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Can someone please give me an elementary school definition of an iamb and help complete...
Topic: PoetryCan someone please give me an elementary school definition of an iamb and help complete my assignment?
Take a paragraph you’ve written (at least 250 words long) and rewrite it so that it’s entirely in iambs.
If this is the beginning of my paragraph, how can it be written as an iamb and why?
Matthew loved the coffee shop, but he hated coffee. Caffeine made him sick. He wished he could order a diet coke, but no one went to a coffee shop for a coke. So he learned how to guzzle the coffee down. His original plan was to drink it black because he was fond of the motorcyclists who wandered in occasionally, straddling the stools at the counter and ordering their coffee black - tough and hard - as if asking someone to punch them. Matthew wanted to be like them, but black coffee was disgusting; he might as well have been drinking river pollution.
2 Answers | add yours
An iamb is an unstressed syllable followed by a stressed syllable.
In your first sentence, "Matthew loved the coffee shop, but he hated coffee." you have an iamb in the name Matthew. (Ma=unstressed thew=stressed). But since your next word, "loved" is one stressed, you do not have an iamb.
So, read through your paragraph marking a u over the unstressed syllables and a / over the stressed. Keeping in mind that you must have just one unstressed followed by a stressed (more force of your voice) syllable to have iambs, you will have to rewrite some sentences.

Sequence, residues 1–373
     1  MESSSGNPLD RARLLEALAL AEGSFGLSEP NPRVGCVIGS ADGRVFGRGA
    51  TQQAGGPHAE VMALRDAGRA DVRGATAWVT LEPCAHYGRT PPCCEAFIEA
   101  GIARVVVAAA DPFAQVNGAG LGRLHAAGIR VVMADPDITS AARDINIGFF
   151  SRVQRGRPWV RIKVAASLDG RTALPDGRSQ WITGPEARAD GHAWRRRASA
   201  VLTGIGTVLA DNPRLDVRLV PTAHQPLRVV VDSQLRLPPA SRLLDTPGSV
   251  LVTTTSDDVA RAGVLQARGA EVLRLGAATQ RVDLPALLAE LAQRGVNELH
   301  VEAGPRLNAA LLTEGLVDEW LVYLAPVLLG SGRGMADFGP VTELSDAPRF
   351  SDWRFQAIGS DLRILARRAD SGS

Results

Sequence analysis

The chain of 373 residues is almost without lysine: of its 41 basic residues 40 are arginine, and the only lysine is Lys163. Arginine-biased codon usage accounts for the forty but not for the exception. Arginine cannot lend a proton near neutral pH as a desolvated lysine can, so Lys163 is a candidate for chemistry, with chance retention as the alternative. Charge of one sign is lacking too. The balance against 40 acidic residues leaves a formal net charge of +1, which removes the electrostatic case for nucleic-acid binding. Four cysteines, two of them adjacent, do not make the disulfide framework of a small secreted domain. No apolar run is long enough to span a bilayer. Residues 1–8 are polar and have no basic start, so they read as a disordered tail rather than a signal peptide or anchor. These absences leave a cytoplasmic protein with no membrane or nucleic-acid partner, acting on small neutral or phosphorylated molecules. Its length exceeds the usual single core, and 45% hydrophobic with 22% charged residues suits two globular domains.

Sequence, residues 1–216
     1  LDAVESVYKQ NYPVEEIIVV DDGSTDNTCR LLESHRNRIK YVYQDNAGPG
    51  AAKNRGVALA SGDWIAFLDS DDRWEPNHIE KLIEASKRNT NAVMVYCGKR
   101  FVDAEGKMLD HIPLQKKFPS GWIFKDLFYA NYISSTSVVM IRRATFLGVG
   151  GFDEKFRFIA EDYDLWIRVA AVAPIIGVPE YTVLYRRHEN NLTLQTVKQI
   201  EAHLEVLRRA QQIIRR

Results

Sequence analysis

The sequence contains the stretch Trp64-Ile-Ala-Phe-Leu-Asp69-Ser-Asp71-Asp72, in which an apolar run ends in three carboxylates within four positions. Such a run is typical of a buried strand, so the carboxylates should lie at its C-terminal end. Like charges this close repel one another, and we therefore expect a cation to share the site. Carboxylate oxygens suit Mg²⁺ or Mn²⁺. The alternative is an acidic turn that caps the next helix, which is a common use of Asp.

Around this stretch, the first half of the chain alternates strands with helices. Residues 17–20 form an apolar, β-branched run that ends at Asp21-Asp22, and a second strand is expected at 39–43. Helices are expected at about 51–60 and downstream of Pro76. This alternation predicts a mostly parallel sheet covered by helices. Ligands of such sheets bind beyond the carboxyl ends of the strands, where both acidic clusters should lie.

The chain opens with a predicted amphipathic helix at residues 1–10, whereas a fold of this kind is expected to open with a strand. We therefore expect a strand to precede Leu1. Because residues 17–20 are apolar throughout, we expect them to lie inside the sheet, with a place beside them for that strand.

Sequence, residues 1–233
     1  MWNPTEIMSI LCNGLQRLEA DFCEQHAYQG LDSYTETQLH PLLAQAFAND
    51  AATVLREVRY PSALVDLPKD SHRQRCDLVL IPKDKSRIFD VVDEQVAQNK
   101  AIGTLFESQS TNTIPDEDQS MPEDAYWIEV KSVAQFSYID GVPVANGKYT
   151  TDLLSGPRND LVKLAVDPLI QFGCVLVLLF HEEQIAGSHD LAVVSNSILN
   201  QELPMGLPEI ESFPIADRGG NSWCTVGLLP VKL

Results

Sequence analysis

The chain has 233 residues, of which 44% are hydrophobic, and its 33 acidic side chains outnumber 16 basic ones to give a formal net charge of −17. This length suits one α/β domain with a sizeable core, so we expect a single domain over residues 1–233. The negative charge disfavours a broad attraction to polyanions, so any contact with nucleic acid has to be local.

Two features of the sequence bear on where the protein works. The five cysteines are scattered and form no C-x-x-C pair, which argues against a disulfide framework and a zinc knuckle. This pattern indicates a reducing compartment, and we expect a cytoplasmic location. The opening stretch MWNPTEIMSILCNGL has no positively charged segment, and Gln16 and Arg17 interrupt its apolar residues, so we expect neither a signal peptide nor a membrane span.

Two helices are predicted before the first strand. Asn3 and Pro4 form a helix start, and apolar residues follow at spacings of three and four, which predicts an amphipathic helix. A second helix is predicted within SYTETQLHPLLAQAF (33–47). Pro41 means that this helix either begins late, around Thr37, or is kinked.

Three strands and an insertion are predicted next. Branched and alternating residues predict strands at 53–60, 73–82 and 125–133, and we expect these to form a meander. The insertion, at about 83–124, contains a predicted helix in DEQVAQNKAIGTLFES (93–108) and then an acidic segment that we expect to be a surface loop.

Here is an example of iambic pentameter (5 iambs) that Shakespeare uses in the Prologue of "Romeo and Juliet":
Two households both alike in dignity
Posted by mwestwood on January 2, 2009 at 10:46 AM (Answer #3)
An iamb is a unit of two syllables in a poem. The first syllable is light (unstressed) and the second is heavy (stressed). Of all four common types of meter, iambic is the one closest to natural speech so many poems are in an iambic rhythm. Probably the simplest way to understand it is to say this aloud: ta-TUM (with a strong emphasis on "TUM"). Say it again: ta-TUM. Now pound your feet--first a light tap, then a heavy thud. Tap and pound as you say "ta-TUM." You can also clap your hands to "ta-TUM"--again, first light, then heavy.
Now try to put some iambs together:
ta-TUM, ta-TUM, ta-TUM, ta-TUM
Now let's try some words:
a-WAY / we GO / through RAIN / and SNOW
There are four iambs in that line of verse: can you hear them?
Here's a revision of your paragraph into iambs:
Young MATT-hew LOVED the COF-fee SHOP but COF-fee HE dis-LIKED. He WISHED they'd SERVE a DI-et COKE, but THAT was NOT to BE. He LEARNED to GUZ-zle COF-fee DOWN and E-ven DRINK it BLACK. He LIKED the MO-to-CY-clists WHO all DRANK their COF-fee BLACK. They STRAD-dled STOOLS, were HARD and TOUGH as MATT-hew YEARNED to BE. But COF-fee SO dis-GUST-ed HIM-- like SEW-age IT did SEEM.
Be sure to PUNCH the capitalized syllables so that you can hear the "ta-TUMs"--the iambic rhythm.
Posted by tresvivace on January 2, 2009 at 10:46 AM (Answer #4)
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